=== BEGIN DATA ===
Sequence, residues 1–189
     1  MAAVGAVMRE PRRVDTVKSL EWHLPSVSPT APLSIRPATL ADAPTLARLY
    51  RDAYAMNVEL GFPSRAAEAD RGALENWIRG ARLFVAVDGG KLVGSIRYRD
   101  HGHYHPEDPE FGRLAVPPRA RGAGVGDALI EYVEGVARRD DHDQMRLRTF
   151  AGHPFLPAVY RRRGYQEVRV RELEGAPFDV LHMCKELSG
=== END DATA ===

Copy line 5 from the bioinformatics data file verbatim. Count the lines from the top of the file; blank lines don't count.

   151  AGHPFLPAVY RRRGYQEVRV RELEGAPFDV LHMCKELSG